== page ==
Amazing. Uplifting. Timely. These are the words that crashed social media at the conclusion of her message. The inauguration of the 46th president of the United States saw 22-year-old African American youth poet laureate Amanda Gorman deliver her Scripture-laced poem, “The Hill We Climb,” with precision and poise.
The poem excited people of faith and inspired people with hope. It enthralled seasoned writers and electrified popular rappers. It thrilled schoolchildren and challenged university professors. Some believed the author meant one thing; others asserted something else. One art critic helpfully suggests, “Works of literature, such as poems and plays, allow readers the opportunity to find multiple distinct meanings in a single line. This process is not only accepted—it’s a crucial part of what makes literature so pleasurable. Indeed, one reason to revisit a literary text is to discover how its meanings have changed over time, since each reading brings new experiences and perspectives.”1
There’s another message that’s amazing, uplifting, and timely. It’s an old message, but “each reading brings new experiences and perspectives.” It’s called the everlasting gospel, epitomized by three angels (Rev. 14:6–13). Many interpretations have been offered regarding this message. Its genius, however, is that it is unfolding, compassionate, and adaptable.
Unfolding: “The third angel’s message reveals the great saving truth for this time. Its truths are constantly unfolding, and it is God’s design that even the children and youth shall understand intelligently what God requires.”2
Compassionate: “The work of beneficence enjoined in this chapter [Isaiah 58] is the work that God requires His people to do at this time. . . . With the work of advocating the commandments of God and repairing the breach that has been made in the law of God, we are to mingle compassion for suffering humanity. . . . The third angel’s message is not to be given a second place in this work, but is to be one with it. . . . This work is to be to the message what the hand is to the body.”3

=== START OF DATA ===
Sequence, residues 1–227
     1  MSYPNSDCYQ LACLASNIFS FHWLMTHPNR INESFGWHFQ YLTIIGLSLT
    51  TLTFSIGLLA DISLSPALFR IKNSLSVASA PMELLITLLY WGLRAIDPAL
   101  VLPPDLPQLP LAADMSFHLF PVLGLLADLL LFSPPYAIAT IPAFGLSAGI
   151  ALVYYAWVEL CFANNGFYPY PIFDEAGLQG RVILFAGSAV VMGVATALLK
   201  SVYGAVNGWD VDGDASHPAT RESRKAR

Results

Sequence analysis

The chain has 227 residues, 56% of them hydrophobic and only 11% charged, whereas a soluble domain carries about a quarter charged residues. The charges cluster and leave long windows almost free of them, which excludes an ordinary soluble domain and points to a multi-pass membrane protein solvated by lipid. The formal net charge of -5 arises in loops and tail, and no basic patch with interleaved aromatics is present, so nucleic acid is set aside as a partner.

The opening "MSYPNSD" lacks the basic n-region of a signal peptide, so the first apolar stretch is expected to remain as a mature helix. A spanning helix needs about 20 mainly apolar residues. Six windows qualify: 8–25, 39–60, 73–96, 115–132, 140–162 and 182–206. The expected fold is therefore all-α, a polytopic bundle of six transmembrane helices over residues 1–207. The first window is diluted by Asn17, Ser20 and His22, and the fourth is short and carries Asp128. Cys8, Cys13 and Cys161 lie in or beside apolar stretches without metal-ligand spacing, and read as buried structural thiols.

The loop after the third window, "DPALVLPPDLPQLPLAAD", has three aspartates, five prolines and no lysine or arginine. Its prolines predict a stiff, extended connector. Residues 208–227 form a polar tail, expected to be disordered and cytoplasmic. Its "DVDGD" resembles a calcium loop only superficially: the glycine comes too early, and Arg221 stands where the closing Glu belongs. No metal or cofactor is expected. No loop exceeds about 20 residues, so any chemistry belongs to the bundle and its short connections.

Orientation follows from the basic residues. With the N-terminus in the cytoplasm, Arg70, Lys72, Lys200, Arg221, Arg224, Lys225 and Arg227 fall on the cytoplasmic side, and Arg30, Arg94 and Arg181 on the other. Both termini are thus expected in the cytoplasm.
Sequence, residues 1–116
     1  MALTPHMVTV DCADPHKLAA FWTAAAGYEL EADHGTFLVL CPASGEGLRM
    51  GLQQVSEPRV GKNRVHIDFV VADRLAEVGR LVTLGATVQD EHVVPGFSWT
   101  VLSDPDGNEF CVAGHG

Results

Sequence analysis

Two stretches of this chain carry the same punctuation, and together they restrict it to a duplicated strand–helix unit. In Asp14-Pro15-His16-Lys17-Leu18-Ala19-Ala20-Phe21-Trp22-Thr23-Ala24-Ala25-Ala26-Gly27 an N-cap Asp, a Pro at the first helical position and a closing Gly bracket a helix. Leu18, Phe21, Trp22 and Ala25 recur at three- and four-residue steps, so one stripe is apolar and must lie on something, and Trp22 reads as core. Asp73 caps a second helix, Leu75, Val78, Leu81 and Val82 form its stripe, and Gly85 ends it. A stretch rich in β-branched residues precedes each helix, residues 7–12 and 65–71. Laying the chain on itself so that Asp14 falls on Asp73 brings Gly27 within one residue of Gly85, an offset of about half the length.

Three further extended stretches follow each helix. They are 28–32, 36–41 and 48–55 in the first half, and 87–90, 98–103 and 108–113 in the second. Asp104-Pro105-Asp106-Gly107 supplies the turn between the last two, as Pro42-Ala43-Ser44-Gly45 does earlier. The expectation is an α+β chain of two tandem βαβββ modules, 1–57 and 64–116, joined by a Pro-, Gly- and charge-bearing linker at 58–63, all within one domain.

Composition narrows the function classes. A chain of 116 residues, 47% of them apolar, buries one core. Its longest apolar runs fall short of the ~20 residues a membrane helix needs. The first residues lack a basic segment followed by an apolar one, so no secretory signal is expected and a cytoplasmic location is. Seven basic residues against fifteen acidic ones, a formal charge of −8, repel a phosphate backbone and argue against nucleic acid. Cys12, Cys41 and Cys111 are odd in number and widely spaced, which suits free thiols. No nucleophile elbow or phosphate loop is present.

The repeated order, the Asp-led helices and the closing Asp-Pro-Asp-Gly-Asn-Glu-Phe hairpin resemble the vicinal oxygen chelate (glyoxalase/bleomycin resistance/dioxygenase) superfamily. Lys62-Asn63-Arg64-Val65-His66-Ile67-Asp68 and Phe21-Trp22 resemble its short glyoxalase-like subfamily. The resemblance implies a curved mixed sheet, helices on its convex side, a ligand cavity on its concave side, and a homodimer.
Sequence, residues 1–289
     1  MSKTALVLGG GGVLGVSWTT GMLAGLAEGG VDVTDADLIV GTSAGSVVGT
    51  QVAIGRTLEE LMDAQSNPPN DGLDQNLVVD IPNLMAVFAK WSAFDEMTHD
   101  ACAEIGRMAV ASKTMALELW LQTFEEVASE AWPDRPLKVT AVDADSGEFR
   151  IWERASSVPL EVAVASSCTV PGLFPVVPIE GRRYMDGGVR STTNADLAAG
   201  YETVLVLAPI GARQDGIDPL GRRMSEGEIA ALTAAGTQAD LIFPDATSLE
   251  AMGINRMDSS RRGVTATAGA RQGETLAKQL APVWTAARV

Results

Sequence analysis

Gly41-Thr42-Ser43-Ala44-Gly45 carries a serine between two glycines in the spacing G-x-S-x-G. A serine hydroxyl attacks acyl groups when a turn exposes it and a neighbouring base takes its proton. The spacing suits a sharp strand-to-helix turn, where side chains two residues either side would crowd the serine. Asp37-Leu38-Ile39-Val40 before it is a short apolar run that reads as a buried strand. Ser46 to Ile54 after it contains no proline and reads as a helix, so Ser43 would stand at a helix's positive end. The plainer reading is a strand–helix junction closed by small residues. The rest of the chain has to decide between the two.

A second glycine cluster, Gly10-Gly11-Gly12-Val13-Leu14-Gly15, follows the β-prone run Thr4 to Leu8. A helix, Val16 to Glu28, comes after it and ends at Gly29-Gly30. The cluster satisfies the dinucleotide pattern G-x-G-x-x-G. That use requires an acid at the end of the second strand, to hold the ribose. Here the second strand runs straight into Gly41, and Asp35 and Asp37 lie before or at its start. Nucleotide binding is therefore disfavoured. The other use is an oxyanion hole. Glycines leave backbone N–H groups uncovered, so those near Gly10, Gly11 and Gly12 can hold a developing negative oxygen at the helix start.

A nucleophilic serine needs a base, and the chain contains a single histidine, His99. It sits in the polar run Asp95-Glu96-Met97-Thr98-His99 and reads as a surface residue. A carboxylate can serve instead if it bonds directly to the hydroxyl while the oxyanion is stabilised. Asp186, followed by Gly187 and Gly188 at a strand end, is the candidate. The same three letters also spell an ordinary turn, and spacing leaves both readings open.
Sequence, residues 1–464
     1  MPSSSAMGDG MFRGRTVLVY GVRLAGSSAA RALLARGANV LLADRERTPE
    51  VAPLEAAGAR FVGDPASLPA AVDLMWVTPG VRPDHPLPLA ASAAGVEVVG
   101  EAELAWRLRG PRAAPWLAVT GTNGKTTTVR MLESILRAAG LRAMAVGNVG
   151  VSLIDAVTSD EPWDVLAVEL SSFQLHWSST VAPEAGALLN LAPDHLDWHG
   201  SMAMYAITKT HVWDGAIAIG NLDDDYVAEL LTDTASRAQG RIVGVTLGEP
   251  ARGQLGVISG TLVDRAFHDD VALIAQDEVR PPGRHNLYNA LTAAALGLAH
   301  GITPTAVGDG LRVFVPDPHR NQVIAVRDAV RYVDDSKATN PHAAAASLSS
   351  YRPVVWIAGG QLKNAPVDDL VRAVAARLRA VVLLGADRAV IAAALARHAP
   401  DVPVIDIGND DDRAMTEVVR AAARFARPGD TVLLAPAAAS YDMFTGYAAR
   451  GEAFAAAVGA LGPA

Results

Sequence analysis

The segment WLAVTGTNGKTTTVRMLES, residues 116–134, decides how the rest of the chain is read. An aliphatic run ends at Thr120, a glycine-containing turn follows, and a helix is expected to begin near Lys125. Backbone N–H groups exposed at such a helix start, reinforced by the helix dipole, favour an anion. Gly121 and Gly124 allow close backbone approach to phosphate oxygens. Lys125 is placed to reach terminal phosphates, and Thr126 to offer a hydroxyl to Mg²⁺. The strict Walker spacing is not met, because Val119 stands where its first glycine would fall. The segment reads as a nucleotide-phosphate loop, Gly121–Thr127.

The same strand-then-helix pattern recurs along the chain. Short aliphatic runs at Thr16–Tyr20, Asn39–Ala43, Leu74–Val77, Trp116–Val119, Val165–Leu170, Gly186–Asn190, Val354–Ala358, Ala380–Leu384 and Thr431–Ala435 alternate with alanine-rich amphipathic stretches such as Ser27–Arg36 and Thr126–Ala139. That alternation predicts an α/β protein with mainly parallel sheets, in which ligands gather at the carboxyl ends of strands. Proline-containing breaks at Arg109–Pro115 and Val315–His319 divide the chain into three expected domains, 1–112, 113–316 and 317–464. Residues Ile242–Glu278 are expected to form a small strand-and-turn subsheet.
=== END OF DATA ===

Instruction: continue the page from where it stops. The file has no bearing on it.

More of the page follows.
Adaptable: “Every feature of the third angel’s message is to be proclaimed in all parts of the world. . . . Received into honest hearts, it will prove an antidote for all the world’s sins and sorrows. No conditions of climate, of poverty, or ignorance, or of prejudice can hinder its efficiency, or lessen its adaptability to the needs of mankind.”4
So, we are embroiled in a coronavirus pandemic, economic poverty, political turmoil, and racial unrest. Thank God for an antidote! Thank God for an eternal gospel that adapts itself to human needs. It is not fixed, static, and inflexible. It is dynamic, contemporary, and relevant. It belongs to theologians and millennials, to historians and Generation Z, to the developed world and the developing world. Love the Lord your God and your neighbor as yourself. Presented aright, our message will appeal to young people who have a passion for God and compassion for the vulnerable. The love of Christ constrains us to repair the breach, restore the paths, and build a bridge. So let’s amaze the world with this message.
It is a radical message of love and compassion that bridges earth and heaven and human and human. It is a revolutionary message of healing and deliverance that connects body and soul and church and community. It is a reconciling message of restoration and redemption that unites parents and children, husbands and wives, Jews and Gentiles, races and ethnicities, young and old, clergy and laity, and men and women, to fulfill the eternal prayer of Jesus, “that they may be made perfect in one” (John 17:23, KJV). When Jesus sees a people like this, He’ll come to take them to be where He is. By our actions, we can delay that day—or we can hasten it.
Amazing. Uplifting. Timely. That’s our message. It’s the bridge we build.
- “Grades 11–12 Playlist: Multiple Interpretations,” Wisewire, accessed April 29, 2021, http://www.wisewire.com/wp-content/uploads/items/4854/Demo_pdf_WN_ELA_0012.pdf.
- Ellen G. White, vol. 9, Manuscript Releases, (Silver Spring, MD: Ellen G. White Estate, 1990), 292.
- Ellen G. White, Welfare Ministry (Washington, DC: Review and Herald Pub. Assn., 1952), 32, 33.
- Ellen G. White, Manuscript Releases, vol. 9 (Silver Spring, MD: Ellen G. White Estate, 1990), 292.